Bontrager clearly has Schwalbe in its sights with its new GR1 Team Issue gravel bike tires, which sport a similarly compact and low-profile array of tiny knobs across a supple, high-volume tubeless-ready casing. The knobs on the GR1 Team Issues are more polygonal instead of round, though, and Bontrager also alters the knob spacing across the crown. Dual-compound rubber should help with rolling resistance, wear, and traction, too.

The GR1 Team Issue is available solely in a 700x40mm size (at least for now), and retail price is US$65 / AU$70 / £50 / €50. Actual weight is 418g.

For more, see here.

Specialized Pathfinder Pro 2Bliss gravel tires

Specialized’s latest entry into the red-hot gravel tire market features a solid center tread, a low-profile dashed intermediate pattern, and tall shoulder blocks that the company claims to provide a fast roll when upright, but extra security when cornering on loose ground. The Pro 2Bliss version is built with a reinforced 120tpi casing and tubeless beads, plus Specialized’s trademark Gripton rubber compound.

The Pathfinder Pro 2Bliss is offered in 700x38mm, 700x42mm, and 650x47mm sizes, and all of them retail for US$45 / AU$75 / £42 / €46. Actual weight for the 700x38mm size is 485g.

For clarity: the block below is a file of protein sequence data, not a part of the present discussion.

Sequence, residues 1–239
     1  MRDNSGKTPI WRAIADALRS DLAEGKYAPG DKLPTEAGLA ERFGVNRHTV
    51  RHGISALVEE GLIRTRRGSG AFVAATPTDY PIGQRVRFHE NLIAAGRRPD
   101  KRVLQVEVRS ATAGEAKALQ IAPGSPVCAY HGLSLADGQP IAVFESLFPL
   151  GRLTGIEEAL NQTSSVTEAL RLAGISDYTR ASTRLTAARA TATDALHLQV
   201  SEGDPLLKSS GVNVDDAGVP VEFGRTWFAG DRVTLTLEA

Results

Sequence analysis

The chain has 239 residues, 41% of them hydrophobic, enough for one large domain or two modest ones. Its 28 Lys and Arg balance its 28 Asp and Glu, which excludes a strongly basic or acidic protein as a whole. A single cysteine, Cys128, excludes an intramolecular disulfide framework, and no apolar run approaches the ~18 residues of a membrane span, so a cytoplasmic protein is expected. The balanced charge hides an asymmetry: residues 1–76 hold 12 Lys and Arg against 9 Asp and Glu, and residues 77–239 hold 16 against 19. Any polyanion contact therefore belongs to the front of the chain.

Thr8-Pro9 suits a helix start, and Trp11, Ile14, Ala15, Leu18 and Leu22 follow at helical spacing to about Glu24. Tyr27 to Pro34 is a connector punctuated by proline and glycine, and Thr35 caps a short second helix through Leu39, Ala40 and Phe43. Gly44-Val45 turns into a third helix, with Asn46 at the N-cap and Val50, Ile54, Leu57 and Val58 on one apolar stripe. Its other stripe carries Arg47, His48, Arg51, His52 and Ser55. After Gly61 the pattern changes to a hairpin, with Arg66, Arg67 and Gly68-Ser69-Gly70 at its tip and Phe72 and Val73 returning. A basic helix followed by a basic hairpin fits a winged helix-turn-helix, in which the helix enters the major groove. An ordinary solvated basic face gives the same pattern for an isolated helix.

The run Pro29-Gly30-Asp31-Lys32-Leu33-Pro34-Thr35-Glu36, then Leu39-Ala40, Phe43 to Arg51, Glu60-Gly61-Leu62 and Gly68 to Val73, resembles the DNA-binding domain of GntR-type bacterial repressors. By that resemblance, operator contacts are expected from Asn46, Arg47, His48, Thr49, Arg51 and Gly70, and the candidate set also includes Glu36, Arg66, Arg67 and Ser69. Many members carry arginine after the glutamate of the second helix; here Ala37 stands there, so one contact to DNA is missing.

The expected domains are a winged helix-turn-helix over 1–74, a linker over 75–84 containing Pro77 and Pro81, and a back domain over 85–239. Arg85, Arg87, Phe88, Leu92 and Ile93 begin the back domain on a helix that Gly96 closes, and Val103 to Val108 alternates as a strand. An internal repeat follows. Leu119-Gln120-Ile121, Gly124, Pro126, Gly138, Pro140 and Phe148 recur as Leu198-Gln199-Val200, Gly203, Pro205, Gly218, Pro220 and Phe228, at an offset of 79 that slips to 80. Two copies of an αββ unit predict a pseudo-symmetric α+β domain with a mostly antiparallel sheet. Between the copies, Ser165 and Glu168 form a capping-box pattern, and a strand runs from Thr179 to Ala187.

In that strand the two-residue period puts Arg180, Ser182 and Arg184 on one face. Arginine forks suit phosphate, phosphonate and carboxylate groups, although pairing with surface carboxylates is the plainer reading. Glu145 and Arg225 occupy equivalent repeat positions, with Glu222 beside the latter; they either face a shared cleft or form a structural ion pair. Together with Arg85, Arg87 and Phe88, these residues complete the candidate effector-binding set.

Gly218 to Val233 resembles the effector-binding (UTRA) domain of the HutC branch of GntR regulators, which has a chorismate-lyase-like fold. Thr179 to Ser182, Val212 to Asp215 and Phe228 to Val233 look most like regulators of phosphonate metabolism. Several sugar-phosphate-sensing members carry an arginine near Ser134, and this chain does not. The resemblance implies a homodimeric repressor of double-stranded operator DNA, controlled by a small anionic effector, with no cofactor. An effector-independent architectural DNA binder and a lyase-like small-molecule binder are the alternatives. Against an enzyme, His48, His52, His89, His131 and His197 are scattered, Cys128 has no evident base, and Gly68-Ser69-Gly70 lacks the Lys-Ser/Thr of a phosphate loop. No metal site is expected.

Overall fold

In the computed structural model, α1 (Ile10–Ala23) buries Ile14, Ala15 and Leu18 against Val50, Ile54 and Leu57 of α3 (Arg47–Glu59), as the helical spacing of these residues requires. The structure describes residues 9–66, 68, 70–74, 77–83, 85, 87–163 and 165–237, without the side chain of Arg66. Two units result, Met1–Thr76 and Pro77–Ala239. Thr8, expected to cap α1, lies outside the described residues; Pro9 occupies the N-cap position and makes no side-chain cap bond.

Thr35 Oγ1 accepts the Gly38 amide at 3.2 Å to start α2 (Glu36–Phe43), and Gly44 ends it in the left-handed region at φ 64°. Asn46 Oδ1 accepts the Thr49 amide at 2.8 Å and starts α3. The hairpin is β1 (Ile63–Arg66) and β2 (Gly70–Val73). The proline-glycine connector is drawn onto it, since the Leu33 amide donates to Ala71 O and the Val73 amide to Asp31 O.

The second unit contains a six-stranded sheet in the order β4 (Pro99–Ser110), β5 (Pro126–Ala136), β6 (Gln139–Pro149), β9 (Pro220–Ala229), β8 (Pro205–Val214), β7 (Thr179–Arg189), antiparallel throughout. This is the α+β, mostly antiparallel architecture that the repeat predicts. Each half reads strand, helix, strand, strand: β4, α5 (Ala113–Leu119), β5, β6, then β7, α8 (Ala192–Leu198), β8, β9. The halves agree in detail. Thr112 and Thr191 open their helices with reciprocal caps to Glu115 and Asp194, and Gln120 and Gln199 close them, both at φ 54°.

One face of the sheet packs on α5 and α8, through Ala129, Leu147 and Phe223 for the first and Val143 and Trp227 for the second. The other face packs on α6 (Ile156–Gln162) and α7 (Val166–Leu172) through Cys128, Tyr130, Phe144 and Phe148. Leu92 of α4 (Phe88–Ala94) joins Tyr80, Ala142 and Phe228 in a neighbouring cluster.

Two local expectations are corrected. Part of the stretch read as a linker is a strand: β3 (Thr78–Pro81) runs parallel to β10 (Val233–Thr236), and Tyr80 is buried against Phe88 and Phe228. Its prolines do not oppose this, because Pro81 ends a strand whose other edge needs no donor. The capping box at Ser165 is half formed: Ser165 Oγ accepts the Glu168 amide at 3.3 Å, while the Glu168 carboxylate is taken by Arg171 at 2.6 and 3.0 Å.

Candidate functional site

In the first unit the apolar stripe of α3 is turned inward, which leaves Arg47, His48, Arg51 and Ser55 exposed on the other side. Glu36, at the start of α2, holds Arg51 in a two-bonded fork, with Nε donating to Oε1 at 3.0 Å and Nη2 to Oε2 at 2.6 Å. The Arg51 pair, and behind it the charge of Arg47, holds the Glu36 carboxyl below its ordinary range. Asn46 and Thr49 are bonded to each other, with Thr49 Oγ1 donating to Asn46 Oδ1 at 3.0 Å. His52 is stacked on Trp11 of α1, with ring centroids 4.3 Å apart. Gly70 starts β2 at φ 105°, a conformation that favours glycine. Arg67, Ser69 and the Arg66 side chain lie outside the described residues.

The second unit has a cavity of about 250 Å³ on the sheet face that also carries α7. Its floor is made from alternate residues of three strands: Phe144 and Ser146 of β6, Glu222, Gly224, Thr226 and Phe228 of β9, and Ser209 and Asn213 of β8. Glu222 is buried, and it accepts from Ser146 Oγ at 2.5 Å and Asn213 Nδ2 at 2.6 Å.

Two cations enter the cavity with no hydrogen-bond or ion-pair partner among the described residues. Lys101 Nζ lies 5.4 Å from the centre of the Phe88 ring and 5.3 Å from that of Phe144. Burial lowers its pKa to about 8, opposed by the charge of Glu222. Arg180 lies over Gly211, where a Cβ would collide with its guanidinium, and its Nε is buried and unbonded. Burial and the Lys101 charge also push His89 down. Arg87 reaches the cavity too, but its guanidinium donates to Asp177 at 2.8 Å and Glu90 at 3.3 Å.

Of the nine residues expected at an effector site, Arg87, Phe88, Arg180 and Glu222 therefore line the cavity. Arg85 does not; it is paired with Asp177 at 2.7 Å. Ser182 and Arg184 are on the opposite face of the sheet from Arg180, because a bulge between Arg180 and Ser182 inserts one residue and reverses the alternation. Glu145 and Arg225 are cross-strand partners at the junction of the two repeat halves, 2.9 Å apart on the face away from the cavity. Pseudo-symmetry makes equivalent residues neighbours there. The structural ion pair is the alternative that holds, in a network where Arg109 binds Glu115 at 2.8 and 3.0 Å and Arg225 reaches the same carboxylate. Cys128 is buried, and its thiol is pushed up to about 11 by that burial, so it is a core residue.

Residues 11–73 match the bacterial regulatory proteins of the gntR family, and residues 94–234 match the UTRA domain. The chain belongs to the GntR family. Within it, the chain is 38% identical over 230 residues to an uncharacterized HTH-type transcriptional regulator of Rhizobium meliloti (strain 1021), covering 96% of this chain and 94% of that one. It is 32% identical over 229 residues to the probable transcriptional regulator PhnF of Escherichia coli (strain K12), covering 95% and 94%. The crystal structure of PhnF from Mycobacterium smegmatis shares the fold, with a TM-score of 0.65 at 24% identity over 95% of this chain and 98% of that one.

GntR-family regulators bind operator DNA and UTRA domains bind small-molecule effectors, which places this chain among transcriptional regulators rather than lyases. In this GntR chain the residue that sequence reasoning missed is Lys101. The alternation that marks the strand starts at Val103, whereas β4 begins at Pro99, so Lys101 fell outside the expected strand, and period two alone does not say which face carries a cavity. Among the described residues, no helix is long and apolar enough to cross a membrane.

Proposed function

Happy Birthday to …

Stefano Zanini (50), who over his lengthy career won Amstel Gold (’96), finished second at Flanders (’98) and took three Grand Tour stages. Zanini retired in 2007.

Merhawi Kudus turns 25. A promising stage race prospect, Kudus was – together with compatriot Daniel Teklehaimanot – one of the first two black Africans to compete in the Tour de France.  The young Eritrean has just signed with Astana for 2019 after a five year stint with the Dimension Data setup.


In case you missed it …

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For some, fixing bikes can be just as therapeutic as riding them. Tech writer Dave Rome shares his passion for the mechanical side of our sport.

The weekly spin: The intersection of American football and international cyclocross

On February 3, international cyclocross and American football will hold the biggest events of their respective seasons on the same day. In his latest column, editor-at-large Neal Rogers explains that while they’re very different in many ways, in other ways they’re not so different at all.

Feature Image: The mountains of Norway, as shot by the Grubers.